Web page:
This year’s Glastonbury festival saw 54 terabytes of data being used during the five day event - a 100 per cent increase over last year's festival.
EE have attributed this sharp increase in data consumption to services such as Facebook Live, Instagram stories and Snapchat stories. According to the network over nine terabytes of data was used to upload content, this figure stood around five terabytes last year.
EE installed a temporary, powerful (and the world's largest) 4G network on the Glastonbury site before the festival began. Mobile data use increased by 116 per cent compared to the year before. 54 terabytes is a huge amount of data and equates to roughly 560 Instagram selfies, 850 thousand downloads of Ed Sheeran’s third album , ‘Divide’ or 10.6 years of Facebook Live streaming!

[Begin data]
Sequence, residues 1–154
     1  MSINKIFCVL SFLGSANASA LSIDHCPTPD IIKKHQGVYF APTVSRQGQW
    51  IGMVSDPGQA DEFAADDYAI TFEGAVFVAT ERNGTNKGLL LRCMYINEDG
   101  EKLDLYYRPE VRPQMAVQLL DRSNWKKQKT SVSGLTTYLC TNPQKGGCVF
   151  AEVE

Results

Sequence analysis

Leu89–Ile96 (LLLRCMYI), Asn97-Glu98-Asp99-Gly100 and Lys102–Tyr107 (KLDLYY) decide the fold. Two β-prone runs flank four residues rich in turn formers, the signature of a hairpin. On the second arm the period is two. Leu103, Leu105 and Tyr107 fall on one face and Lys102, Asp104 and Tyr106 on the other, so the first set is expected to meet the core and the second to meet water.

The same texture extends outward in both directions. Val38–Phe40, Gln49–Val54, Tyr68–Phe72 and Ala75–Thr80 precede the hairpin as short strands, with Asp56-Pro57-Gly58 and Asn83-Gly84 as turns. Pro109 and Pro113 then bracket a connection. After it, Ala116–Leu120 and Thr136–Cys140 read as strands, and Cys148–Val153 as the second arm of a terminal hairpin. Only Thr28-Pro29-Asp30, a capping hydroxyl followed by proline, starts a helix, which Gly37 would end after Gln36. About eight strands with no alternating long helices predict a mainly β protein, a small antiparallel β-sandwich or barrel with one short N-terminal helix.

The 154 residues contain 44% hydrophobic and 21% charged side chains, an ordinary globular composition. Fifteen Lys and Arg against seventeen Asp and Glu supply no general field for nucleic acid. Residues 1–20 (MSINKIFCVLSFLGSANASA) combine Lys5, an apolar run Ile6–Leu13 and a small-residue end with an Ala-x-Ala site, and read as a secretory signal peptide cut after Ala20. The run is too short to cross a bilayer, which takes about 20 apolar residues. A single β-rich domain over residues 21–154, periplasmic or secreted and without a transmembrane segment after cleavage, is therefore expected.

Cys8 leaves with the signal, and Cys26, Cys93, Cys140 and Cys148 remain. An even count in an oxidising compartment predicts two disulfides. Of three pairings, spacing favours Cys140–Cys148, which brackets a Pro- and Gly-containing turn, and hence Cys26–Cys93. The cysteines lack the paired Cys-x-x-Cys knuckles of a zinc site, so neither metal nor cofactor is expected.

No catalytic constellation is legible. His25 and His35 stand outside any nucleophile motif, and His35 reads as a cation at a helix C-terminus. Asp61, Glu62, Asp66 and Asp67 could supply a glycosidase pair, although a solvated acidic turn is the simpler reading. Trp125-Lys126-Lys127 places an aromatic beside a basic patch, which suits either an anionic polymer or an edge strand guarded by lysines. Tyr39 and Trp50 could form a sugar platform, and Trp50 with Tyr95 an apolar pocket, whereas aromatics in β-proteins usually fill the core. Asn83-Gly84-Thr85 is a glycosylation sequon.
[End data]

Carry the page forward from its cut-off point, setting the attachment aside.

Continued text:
The network has also installed a permenant mast on the site, aiming towards EE's 95 per cent coverage of UK landmass by 2020.
EE director of communications and sponsorship Mat Sears commented on the festival's data consumption saying, "Once again Glastonbury firmly cements itself as one of the biggest and most exciting music events on the planet – and people want to share their experiences when they’re there and we do everything to ensure our 4G network can handle that demand.
"Fifty four terabytes of data is an extraordinary amount, but with video applications like Facebook Live, Instagram Stories and Snapchat stories in the palm of every festival-goer’s hand, we can only see this number increase at each event.
"This year, as part of our ambition to cover 95 per cent of the UK landmass with 4G, we’ve installed a permanent mast on site to keep the area around Worthy Farm connected all year round."